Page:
2015’s Best & Worst States for Finding Tax Help

by John S Kiernan

Best and Worst States for Finding Tax Help BadgeThere’s no shame in admitting it – many of us need a bit of help with our taxes.  Whether due to time restriction, numerical aversion or a simple lack of interest, we look upon mid-April with foreboding and then watch as procrastination inevitably makes way to a last-minute scramble.

Haste and disorganization are most likely the two primary reasons why roughly 2.3 million people made math errors on their tax returns in 2013, the most recent year for which IRS data is available.  So rather than spend the 16 hours the IRS says it takes for an individual to fill out their 1040, nearly 6 in 10 taxpayers hire a professional to do their returns.

But much like tax rates themselves, the accessibility, affordability and effectiveness of tax help differs significantly from state to state.  In order to determine where the relative sweet spots happen to be, WalletHub compared the 50 states as well as the District of Columbia in terms of six key metrics – ranging from the number of accountants per 1,000 people to their average workload and mean hourly compensation.

More information about the significance of these data points as well as a comprehensive state-by-state rankings breakdown can be found below.

Main Findings

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Rank

State

Accountants Per 1,000 People

(Rank)

Accounting Job Openings Per 1,000 People

(Rank)

Affordability of Tax Help

(Rank)

Returns Filed Per Accountant

(Rank)

% of Filers Paying for Tax Help

(Rank)

1 North Dakota 5.05
(5)
0.55
(21)
132.82%
(2)
187
(13)
61.91%
(10)
2 Massachusetts 5.31
(3)
1.14
(50)
137.62%
(4)
157
(4)
58.26%
(19)
3 District of Columbia 17.6
(1)
12.03
(51)
114.48%
(1)
53
(1)
49.18%
(47)
4 Minnesota 4.18
(14)
0.8
(45)
141.24%
(9)
197
(17)
57.98%
(21)
T-5 Colorado 6.11
(2)
0.94
(49)
147.35%
(15)
138
(2)
51.1%
(45)
T-5 Connecticut 4.19
(13)
0.87
(48)
140.72%
(8)
198
(18)
57.85%
(22)
7 Oklahoma 3.92
(18)
0.61
(31)
152.19%
(21)
182
(10)
59.49%
(14)
8 Washington 3.98
(15)
0.57
(25)
139.78%
(5)
200
(19)
45.49%
(51)
9 New York 5.1
(4)
0.84
(46)
159.88%
(40)
159
(5)
68.3%
(1)
10 Maryland 4.58
(11)
0.74
(41)
148.14%
(17)
173
(7)
53.38%
(37)
T-11 California 3.65
(24)
0.78
(43)
146.02%
(13)
207
(21)
65.55%
(4)
T-11 Hawaii 3.31
(27)
0.43
(14)
133.29%
(3)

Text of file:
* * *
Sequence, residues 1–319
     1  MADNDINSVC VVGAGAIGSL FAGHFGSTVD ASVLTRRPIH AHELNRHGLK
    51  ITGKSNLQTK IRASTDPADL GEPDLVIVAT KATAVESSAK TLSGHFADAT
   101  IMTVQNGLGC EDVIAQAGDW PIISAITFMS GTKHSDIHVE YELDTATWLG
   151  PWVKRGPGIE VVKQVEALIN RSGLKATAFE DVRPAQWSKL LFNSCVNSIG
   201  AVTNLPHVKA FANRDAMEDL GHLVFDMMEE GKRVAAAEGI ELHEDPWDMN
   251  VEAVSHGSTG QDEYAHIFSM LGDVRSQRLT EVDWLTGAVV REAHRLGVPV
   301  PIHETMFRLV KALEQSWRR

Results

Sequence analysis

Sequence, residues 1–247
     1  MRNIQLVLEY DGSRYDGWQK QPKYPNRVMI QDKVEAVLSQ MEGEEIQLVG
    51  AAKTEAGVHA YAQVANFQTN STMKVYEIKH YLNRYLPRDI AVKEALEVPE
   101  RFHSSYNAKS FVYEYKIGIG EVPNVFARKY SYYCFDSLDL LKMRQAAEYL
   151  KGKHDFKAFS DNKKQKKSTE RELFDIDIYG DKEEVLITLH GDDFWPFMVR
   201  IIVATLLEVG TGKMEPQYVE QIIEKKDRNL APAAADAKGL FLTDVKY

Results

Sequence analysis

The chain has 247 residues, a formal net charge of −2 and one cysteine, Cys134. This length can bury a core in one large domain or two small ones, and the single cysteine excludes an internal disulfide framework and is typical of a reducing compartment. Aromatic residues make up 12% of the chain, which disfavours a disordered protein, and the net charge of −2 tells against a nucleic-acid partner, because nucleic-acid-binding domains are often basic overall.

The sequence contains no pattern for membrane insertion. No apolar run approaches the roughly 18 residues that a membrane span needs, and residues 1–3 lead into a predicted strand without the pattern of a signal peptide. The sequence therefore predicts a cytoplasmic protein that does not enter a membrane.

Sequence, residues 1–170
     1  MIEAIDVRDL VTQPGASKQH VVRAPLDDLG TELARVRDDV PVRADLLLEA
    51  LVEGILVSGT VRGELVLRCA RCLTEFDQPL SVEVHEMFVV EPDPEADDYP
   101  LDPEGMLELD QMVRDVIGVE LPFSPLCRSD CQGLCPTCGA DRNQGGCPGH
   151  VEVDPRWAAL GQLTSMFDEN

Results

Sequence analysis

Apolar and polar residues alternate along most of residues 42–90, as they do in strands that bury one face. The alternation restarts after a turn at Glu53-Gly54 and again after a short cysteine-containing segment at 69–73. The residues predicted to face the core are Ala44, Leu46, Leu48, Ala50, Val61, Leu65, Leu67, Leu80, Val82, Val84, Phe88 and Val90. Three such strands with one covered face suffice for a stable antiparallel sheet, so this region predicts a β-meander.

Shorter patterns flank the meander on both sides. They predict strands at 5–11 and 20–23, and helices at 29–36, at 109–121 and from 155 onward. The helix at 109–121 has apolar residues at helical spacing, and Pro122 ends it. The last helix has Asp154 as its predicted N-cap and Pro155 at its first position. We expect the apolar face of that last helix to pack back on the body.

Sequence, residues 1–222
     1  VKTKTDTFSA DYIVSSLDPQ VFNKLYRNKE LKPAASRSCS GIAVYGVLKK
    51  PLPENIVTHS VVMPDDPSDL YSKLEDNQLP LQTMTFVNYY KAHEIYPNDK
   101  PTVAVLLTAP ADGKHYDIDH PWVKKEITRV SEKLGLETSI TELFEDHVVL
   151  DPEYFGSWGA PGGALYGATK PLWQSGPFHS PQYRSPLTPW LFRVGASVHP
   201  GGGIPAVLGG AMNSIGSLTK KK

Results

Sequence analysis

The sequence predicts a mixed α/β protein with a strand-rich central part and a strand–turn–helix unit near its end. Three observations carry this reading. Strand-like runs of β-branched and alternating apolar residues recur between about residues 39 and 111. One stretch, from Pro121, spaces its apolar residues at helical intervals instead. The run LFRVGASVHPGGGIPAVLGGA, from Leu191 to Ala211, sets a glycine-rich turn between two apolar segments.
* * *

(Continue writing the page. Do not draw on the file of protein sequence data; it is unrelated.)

242
(34)
55.53%
(30)
T-11 Rhode Island 3.8
(21)
0.5
(18)
153.9%
(24)
216
(24)
63.08%
(6)
14 Delaware 4.83
(6)
0.79
(44)
149.75%
(19)
170
(6)
51.78%
(41)
15 South Dakota 4.69
(8)
0.38
(10)
160.48%
(41)
194
(14)
58.05%
(20)
16 Nebraska 4.6
(9)
0.58
(26)
161.93%
(44)
177
(8)
60.18%
(12)
17 Virginia 4.8
(7)
0.77
(42)
152.95%
(23)
157
(3)
48.18%
(48)
T-18 Kansas 3.95
(17)
0.59
(30)
158.4%
(33)
197
(16)
59.58%
(13)
T-18 Pennsylvania 4.25
(12)
0.65
(35)
155.4%
(30)
181
(9)
55.21%
(31)
20 Missouri 3.84
(19)
0.62
(32)
155.05%
(28)
196
(15)
57.33%
(23)
21 New Jersey 3.97
(16)
0.73
(39)
158.93%
(36)
212
(23)
66.33%
(3)
22 Vermont 4.59
(10)
0.58
(27)
156.52%
(32)
202
(20)
51.34%
(43)
23 South Carolina 2.81
(41)
0.33
(7)
151.2%
(20)
241
(33)
59.18%
(15)
24 Iowa 3.1
(34)
0.53
(19)
154.53%
(26)
255
(37)
66.96%
(2)
25 Alabama 2.95
(39)
0.31
(5)
158.82%
(34)
220
(25)
62.39%
(8)
26 Illinois 3.48
(25)
0.86
(47)
152.4%
(22)
225
(28)
58.86%
(16)
T-27 Maine 3.12
(33)
0.28
(4)
149.4%
(18)
264
(41)
51.19%
(44)
T-27 Wyoming 3.06
(35)
0.38
(11)
141.43%
(10)
317
(48)
51.73%
(42)
29 Alaska 3.29
(28)
0.66
(36)
140.31%
(7)
250
(36)
46.15%
(50)
30 New Mexico 2.79
(43)
0.49
(16)
145.29%
(12)
248
(35)
53.99%
(35)
31 Nevada 2.79
(42)
0.56
(23)
147.25%
(14)
270
(44)
56.54%
(26)
32 Oregon 2.9
(40)
0.58
(28)
140.03%
(6)
275
(45)
49.95%
(46)
33 Ohio 3.2
(31)
0.56
(22)
155.35%
(29)
230
(29)
52.77%
(40)
34 New Hampshire 3.29
(29)
0.71
(38)
147.71%
(16)
257
(39)
47.08%
(49)
T-35 Michigan 2.73
(45)
0.43
(13)
154.91%
(27)
269
(43)
58.74%
(17)
T-35 Montana 3.13
(32)
0.35
(9)
161.9%
(43)
299
(47)
60.71%
(11)
37 Tennessee 3.03
(36)
0.5
(17)
158.88%
(35)
221
(26)
54.41%
(34)
T-38 Georgia 3.74
(23)
0.7
(37)
167.84%
(51)
186
(12)
57.3%
(24)